Definitive Stock Predictions for 2016!
Happy New Year! Now that the dust has settled on 2015, it’s time to enjoy the flood of predictions coming from well-known (and not so well-known) experts on stock market performance for 2016. I did a quick scan and came up with the following:
- Julian Emanuel, a strategist at UBS, expects the S&P 500 to end 2016 at 2275 amid modest earnings growth and rising interest rates, according to Forbes. That translates to about an 11% return for the year.
- In a research note, Goldman Sachs’ top strategists predict that the S&P 500 will go nowhere in the coming year, ending 2016 at 2100. Including dividends, that’s only about a 3% total return.
- Georg Vrba, creator of the iMarketSignals Business Cycle Index (BCI), sees no recession on the horizon. The BCI index has (according to Vrba) successfully predicted the past seven recessions going back to 1967, providing advance notice of 11 weeks on average. His methodology is not coming up with any new sell signals at this time.
- Adam Hayes at Investopedia believes that economic data is showing a very similar pattern to the one right before the last recession (retail sales and factory orders dropping, U.S. export growth weakening, corporate profits declining). Although he doesn’t address stock prices specifically, his analysis would imply negative returns for the year.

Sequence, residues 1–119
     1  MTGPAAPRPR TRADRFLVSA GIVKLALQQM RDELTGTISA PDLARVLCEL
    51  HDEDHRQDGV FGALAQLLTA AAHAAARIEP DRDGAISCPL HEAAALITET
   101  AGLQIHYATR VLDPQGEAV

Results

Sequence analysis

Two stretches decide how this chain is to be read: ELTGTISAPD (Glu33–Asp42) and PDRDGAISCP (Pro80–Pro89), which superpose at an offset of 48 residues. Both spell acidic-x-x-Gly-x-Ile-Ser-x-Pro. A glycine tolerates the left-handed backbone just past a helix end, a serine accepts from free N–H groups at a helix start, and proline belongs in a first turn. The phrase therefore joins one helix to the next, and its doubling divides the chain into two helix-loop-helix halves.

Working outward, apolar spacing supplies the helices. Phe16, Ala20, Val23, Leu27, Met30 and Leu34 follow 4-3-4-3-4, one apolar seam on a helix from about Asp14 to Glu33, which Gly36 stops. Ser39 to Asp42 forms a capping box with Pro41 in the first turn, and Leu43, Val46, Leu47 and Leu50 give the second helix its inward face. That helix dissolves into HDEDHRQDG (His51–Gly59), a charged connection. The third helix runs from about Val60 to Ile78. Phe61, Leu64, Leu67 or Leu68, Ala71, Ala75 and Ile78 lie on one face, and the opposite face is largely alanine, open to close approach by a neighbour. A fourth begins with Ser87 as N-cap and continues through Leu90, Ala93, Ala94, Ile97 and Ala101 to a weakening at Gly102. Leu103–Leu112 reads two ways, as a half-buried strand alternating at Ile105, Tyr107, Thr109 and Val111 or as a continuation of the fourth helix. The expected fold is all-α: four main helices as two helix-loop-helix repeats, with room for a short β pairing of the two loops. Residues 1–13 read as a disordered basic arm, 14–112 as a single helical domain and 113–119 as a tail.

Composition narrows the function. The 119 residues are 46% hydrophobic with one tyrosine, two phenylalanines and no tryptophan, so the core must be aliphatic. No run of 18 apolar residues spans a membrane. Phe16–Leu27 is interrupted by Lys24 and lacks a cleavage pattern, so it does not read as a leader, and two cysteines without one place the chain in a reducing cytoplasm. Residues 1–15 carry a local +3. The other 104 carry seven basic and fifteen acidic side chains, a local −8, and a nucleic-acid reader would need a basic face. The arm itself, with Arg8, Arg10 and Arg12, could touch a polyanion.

- Credit Suisse’s Andrew Garthwaite believes we are at the later stages of the equity bull market. Despite increasing headwinds for equities related to valuations and weak earnings, he is predicting 6.8% growth in U.S. equities in 2016, with an end-of-year S&P 500 target of 2225.
- Not to be outdone, Paul Farrell, the Marketwatch behavioral economics columnist, pours on the hyperbole with, “It’s time to start the countdown to the crash of 2016. No, this is not a prediction of a minor correction. Plan on a 50% crash.” He predicts the Dow will drop to about 9000. (Lest you question the authority behind such a melodramatic statement, Marketwatch informs us that he’s the author of nine books and was an investment banker with Morgan Stanley.)
Even if we grant some leeway to the above numbers, at least half of them by definition are going to turn out to be flat out wrong. I am reminded of the quote attributed to John Kenneth Galbraith: “There are those who don’t know and those who don’t know they don’t know.”
Now here are my predictions:
- All the so-called investment experts will continue to be right less than 50% of the time (as documented by Dan Gardner in Future Babble).
- Those experts whose predictions do turn out to be wrong at the end of 2016 will still churn out more predictions for 2017 nevertheless.
Which of the above eight predictions would you put your money on?